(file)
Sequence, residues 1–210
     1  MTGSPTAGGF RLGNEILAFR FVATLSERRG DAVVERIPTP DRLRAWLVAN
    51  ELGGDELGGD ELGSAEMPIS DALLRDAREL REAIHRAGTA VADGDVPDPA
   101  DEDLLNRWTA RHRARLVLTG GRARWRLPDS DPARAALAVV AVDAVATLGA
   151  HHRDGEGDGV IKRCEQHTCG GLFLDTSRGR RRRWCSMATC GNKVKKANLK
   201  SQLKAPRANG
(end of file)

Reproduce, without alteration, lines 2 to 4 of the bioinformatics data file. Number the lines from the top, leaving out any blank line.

     1  MTGSPTAGGF RLGNEILAFR FVATLSERRG DAVVERIPTP DRLRAWLVAN
    51  ELGGDELGGD ELGSAEMPIS DALLRDAREL REAIHRAGTA VADGDVPDPA
   101  DEDLLNRWTA RHRARLVLTG GRARWRLPDS DPARAALAVV AVDAVATLGA